As we close in on the 4th of July, I’m seeing more and more headlines and blog posts about “freedom.” It makes sense that folks are looking forward to the barbeques, parades, and fireworks that commemorate the signing of the Declaration of Independence. And I guess with the history lessons most of us received, that makes good sense. Oddly enough, that has me thinking about the bad rap social media often gets.
I recently had the privilege of facilitating a table discussion at a local “You Talk, I’ll Listen” event. The inaugural effort was deemed a success by roughly forty attendees and the biggest takeaway is that they’d like to expand the group and convene another community conversation. Another? That social media is the source of much of the nasty, narrow-minded communication we’re all faced with on a day-to-day basis. As a facilitator, it was not my job to express an opinion — that’s what a blog is for, right? So, what I want to say most of the time people are trashing social media is this: I suppose that’s true if one only chooses to follow “like-minded” individuals and if a portion of them feel OK about trashing people online.
I’ll admit that, from time to time, I’ve been one of those people — usually in response to a national-level elected official is not choosing to do his (or her) job. For example, I’m one of those people who believes that America is smart enough to do something about gun violence. Something other than the thoughts and prayers.
So what’s that got to do with freedom? Aside from being free to choose what we see on social media, we’re not only headed toward the 4th — we just passed Juneteenth. If you’re like me and thought that slavery ended with the Emancipation Proclamation, you’d probably not know much about the anniversary of the day — two and a half years later — that the Union soldiers landed in Galveston, Texas with news of the war’s end and emancipation of enslaved African Americans. I learned about Juneteenth from Twitter.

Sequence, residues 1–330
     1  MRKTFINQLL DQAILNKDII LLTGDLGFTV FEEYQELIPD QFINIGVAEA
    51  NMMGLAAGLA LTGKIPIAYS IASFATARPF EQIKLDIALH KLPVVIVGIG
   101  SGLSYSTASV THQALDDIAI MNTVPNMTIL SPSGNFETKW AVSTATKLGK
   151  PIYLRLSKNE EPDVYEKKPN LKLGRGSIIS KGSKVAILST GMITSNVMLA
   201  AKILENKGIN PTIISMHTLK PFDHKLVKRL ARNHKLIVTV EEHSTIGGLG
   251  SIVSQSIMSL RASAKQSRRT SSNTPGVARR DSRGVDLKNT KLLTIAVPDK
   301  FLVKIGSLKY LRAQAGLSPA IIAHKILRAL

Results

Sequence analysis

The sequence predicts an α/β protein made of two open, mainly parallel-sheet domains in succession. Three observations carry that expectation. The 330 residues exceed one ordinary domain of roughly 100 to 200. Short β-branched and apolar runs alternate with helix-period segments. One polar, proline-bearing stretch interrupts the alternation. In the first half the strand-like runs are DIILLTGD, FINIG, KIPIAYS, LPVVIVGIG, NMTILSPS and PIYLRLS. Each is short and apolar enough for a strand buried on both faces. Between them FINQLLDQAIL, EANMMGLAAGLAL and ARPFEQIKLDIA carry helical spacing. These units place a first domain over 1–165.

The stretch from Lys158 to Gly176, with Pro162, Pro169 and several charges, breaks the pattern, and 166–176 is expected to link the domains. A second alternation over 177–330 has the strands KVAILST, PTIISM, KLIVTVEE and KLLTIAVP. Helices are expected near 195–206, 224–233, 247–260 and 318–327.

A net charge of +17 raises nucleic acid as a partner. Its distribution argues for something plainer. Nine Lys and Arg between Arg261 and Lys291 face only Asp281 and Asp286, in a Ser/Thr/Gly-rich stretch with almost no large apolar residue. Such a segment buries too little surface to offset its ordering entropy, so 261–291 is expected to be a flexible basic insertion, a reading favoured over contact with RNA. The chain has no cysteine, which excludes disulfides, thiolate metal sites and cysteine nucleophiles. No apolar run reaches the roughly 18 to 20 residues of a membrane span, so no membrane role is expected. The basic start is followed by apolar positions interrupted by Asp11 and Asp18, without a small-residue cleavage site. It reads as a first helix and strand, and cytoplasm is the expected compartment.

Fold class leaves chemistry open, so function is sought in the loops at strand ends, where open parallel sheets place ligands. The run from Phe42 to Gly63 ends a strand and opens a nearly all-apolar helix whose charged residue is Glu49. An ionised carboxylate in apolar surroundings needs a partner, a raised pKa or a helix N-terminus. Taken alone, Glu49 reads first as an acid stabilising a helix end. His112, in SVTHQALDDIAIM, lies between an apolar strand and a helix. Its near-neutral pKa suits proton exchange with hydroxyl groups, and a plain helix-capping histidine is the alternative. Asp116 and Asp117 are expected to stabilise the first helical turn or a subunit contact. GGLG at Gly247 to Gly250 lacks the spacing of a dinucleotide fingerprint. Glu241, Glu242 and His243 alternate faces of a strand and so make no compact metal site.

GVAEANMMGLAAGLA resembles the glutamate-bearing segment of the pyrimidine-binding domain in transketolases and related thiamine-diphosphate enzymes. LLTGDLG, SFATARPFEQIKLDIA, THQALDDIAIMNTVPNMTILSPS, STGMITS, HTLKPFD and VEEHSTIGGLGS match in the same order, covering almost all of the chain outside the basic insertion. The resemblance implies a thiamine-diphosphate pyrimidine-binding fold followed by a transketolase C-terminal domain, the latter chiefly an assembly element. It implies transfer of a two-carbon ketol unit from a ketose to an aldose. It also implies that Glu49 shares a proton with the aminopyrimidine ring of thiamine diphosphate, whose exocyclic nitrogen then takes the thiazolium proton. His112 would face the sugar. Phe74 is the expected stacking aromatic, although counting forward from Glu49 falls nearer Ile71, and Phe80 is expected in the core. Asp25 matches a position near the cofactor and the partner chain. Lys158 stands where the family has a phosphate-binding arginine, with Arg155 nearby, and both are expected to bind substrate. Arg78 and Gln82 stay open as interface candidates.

So, sitting squarely mid-Pride and between those two other important commemorations, I decided to take a look around the interwebs to see what other significant steps toward freedom took place during June and July. The anniversary of the Seneca Falls Convention is coming up, along with anniversaries of the Civil Rights Act, Title IX, and the Equal Pay Act.
Freedom is front of mind for many right now. So, reclaiming my facilitator’s “hat,” I offer thoughts on freedom from ten others — all far wiser than I’ll ever be.
We hold these truths to be self-evident: that all men are created equal; that they are endowed by their Creator with certain unalienable rights; that among these are life, liberty, and the pursuit of happiness. ― Thomas Jefferson
Lock up your libraries if you like; but there is no gate, no lock, no bolt that you can set upon the freedom of my mind. ― Virginia Woolf
Most people do not really want freedom, because freedom involves responsibility, and most people are frightened of responsibility. ― Sigmund Freud
Between stimulus and response, there is a space. In that space is our power to choose our response. In our response lies our growth and our freedom. ― Viktor Emil Frankl
My mother told me to be a lady. And for her, that meant be your own person, be independent. ― Ruth Bader Ginsburg
A right delayed is a right denied. ―
I loved the feeling of freedom in running, the fresh air, the feeling that the only person I’m competing with is me. ― Wilma Rudolph
I am not free while any woman is unfree, even when her shackles are very different from my own. ―
The only way to deal with an unfree world is to become so absolutely free that your very existence is an act of rebellion. ―Albert Camus